If you walk into almost any teen Bible class, they are most likely studying the Bible through a theme. Occasionally teen groups will study a book of the Bible outside of a theme, but most use outside books or their own studies to examine various broad topics.
Themes are a great way to tie several teen classes together and keep students interested in finding out the next piece to that particular puzzle. If you want to teach a teen class using themes, there are a few things you will want to keep in mind.
- Choose your theme carefully. Many a teen has left a teen Bible class frustrated because the class topic was irrelevant to their lives. Don’t assume because you read it online or saw it on television, it is an important issue to the teens you teach. Your time is valuable and so is theirs. Make sure you spend it focused on the things which will have the most impact on their lives – not the lives of the imaginary “average” teens.
- Include Bible stories in your discussions and don’t assume your students know even the most basic stories. Most children’s Bible class literature covers only ten percent of the stories in the Bible. If your teens didn’t get Bible at home and attended children’s Bible classes sporadically, they will know few if any of the stories in the Bible. Stories are a great way to remember principles – that’s why Aesop’s Fables are still used today. Make sure your teens are getting lots of the stories God wanted them to hear.
- Read outside sources thoroughly, especially if you are buying copies for the teens. Even the most famous Christian authors sometimes have biblical error in their materials. If your students are reading the book independently, make sure you discuss any errors you found and why you believe the Bible disagrees with that particular point the author made. This also gives you a great opportunity to discuss how anyone can make errors and how they can protect themselves by checking everything by the Bible before accepting it.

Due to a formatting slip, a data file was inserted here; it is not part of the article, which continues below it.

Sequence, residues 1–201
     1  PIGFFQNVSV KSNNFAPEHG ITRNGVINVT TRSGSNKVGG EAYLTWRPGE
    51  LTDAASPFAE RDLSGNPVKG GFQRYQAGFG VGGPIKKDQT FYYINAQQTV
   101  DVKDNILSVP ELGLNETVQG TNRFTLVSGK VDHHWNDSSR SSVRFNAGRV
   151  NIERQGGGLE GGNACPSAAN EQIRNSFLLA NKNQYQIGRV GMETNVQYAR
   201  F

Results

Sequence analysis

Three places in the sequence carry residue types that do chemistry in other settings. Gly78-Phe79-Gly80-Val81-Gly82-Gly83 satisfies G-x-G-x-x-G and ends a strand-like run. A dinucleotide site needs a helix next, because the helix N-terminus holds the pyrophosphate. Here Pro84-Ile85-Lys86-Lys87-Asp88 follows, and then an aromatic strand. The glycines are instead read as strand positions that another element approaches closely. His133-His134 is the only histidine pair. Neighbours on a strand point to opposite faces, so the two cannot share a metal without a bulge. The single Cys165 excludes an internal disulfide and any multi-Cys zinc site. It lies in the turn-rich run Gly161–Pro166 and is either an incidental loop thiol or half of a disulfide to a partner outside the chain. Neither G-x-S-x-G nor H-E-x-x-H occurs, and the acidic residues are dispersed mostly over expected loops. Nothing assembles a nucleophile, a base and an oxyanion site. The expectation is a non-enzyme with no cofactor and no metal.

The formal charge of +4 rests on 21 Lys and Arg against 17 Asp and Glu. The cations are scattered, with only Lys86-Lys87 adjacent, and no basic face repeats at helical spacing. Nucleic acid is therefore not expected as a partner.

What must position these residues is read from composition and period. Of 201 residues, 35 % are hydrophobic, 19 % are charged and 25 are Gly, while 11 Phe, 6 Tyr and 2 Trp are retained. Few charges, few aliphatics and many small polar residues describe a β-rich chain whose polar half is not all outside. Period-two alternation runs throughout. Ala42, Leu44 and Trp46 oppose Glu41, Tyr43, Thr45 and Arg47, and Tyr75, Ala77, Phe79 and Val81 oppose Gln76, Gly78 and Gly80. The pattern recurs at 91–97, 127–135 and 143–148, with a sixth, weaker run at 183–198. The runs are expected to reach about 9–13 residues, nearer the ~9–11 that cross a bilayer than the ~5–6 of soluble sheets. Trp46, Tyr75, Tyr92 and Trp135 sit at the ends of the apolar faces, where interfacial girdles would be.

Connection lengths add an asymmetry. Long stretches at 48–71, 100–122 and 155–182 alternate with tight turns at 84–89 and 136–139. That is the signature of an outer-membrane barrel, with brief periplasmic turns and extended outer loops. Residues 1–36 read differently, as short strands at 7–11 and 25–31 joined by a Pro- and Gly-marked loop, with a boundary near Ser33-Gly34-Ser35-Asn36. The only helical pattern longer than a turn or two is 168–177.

- Give students plenty of time to share their thoughts and concerns. A roomful of nodding teen heads does not necessarily mean they agree with what you are teaching and are going to put it into practice. Only by allowing them to voice their concerns and doubts can you give them the tools to accept what God has said.
- Don’t let students’ misunderstandings of the material go unchallenged. Some teachers of teens have bought into the Socratic method of teaching. Unfortunately, most don’t understand how to do it properly and it is not entirely appropriate for the Bible classroom. Teens should have freedom to express their thoughts and feelings without fear of embarrassment or retribution. God has made it clear though, there are indeed absolutes and absolute truths in Christianity. Your students should never leave the room believing anything that goes against God’s commands and principles is acceptable. Do it with great love, but please teach your students what God’s Word says – even if they don’t particularly like it.
- Give examples from your own life or the lives of others. The focus should always be on the Bible. Students today, however, are growing up in a world of disbelief. It is more important than ever to give them modern day, real life examples that God’s truths are still valid today. Students need to understand there are often real blessings for obedience to God and real earthly consequences for disobedience.
- Give teens concrete challenges to put what is discussed into immediate practice. Of course, this doesn’t apply to some topics like marriage! Most of the time though, it will help your students understand your lesson more if they have a concrete challenge to put the concept into practice before the next class. What would living out the topic of discussion in your lesson look like in the life of the average student in your class? Challenge them to change that one thing before your next meeting.
- Don’t be afraid to tackle tough topics or topics they won’t experience for a few more years. It amazes me how many times I talk to a young adult who is buried in earthly consequences and they wonder why no one ever warned them about the choices that led to those consequences. Get parental permission if you are concerned, but someone needs to teach our teens godly ways to handle real life situations. Don’t assume anyone else is doing it, because nine times out of ten – no one is.
Themes can be great in the teen Bible classroom. Following these tips will help your students get even more from your theme based lessons.